Projects and Preoccupations is an updated title. I started this blog as an experiment: an alternative to a studio, a gathering space for ideas and images to help with consistency and fluidity in my work. Three years on..I’m still finding this useful as its proving to be a record of my projects and preoccupations in making.
studioless but still collecting started in 2008 I realised that despite adversity I still manage to find creativity..
I have just got a studio at Coachwerks in Brighton. This blog was started when I gave up my last studio due to full time employment (as an art technician), so this feels momentous!
I started to move in while preparing for Small World and I have now got to a stage where 90% of my art stuff is there. It has been a massive sifting and shifting process! I literally had every nook in my house bursting with materials and equipment, sketchbooks, books, paper, ideas. It felt like the walls were closing in (my bedroom had started to resemble a skip) and now (hooray!) that is over.
So having a studio has a double benefit. One, I have reclaimed my house, cleansed my bedroom, made more space for living in.
Two, I have all my art equipment organised and accessible, with space to make things, muse and leave work in progress out to return to. The last point is crucial; this feels like big transition; to be able to follow through with ideas in a space without interruption.
When packing I found about six books with half started projects in them. This was exciting! No dreadful blank first pages; ideas I still like; waiting to be explored.
So I returned to my diver.
I have found lots of synchronicity in the pages and images I have been sorting through. I want to use my next few visits here (in the virtual) and there (in the studio) to examine some of the projects and preoccupations as points of departure.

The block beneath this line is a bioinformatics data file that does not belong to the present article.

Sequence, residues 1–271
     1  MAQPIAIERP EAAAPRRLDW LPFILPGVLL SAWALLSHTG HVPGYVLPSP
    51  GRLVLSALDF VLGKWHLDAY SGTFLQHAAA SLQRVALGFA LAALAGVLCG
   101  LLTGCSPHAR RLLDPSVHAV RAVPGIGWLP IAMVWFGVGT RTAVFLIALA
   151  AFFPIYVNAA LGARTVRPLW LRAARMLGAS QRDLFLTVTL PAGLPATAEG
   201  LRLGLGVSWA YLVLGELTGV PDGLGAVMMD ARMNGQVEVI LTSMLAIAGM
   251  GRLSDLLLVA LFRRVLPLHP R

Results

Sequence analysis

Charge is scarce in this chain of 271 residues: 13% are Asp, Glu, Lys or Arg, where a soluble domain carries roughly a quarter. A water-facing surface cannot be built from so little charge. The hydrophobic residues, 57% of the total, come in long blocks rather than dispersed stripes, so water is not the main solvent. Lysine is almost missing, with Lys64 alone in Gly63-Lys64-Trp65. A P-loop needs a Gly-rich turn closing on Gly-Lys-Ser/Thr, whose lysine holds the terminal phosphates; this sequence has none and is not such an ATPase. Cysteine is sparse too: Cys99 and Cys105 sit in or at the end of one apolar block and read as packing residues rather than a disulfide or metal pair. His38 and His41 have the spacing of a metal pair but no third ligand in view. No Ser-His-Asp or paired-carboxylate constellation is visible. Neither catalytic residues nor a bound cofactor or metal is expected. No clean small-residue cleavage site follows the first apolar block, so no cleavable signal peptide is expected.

I set up Room for Imagination (an artists collective) a couple of years ago to pool skills with other creatives in order to take on commisions and create installations and workshops at various festivals. At Small World Spring Festival this year, we ran bird making and print making workshops in the childrens area, in a yurt which became our literal ‘Room for Imagination.’
My aim during this festival was to encourage children and adults to help us fill the yurt with birds, so it became a temporary aviary. The birds would then disperse or ‘fly’ to new homes once the festival had ended.
I wanted to create an environment where both adults and children were creatively stimulated; where people had a choice about how they approached the project, yet felt they contributed to the space as a whole.
We had whole families getting involved; working alongside each other at different levels; some people that were confident about their abilities and experimented widely with the materials available, others that were keen to start off with templates and gradually made the work their own by adapting the design or making choices about colour and pattern. It was really encouraging to find that some people kept returning to take on a new challenge; that ideas were shared and embellished as the space grew.
My intention was also to use these workshops as a testing space for a schools project that I have been mulling over. The experience was helpful in identifying how best to introduce the project, how to overcome some of the difficulties in making and how to promote independent and exciting responces across a whole spectrum of abilities, characters and ages.
Images from take home Circus Project B – Acrobat Mobile – at an infant school in Brighton (see previous post for further info).
My recent work at an infant school in Brighton:
As a visiting artist for Arts Week I ran workshops for four year 2 classes. Each class created a wire circus inspired by Alexander Calder’s circus.
These workshops included-
a short presentation of my own work to introduce myself
a discussion of Calder’s work looking at the inventive ways he had used materials
Continuous line drawing exercises to help transition into working with wire
Some practical demonstrations to show wire techniques
Ongoing support and feedback as pupils were making.
Collaborating with two other arts professionals; we designed two take-home projects relating to the theme ‘Circus’. Every child in the school received a circus pack with one of the two projects. The projects were voluntary and the children had just over a week to do it. The outcomes were then put together as part of the end of Arts week finale in the main hall.
Project A: Strong Man Columns; Children drew a strong person onto a template and then these drawings were amalgamated to create free standing columns.
Project B: Acrobat Mobile;
Children looked at Matisse’s cut outs and created their own acrobat figures onto card using shapes cut out of brightly coloured gum paper. We then connected the acrobats together and suspended them from the ceiling as a mobile.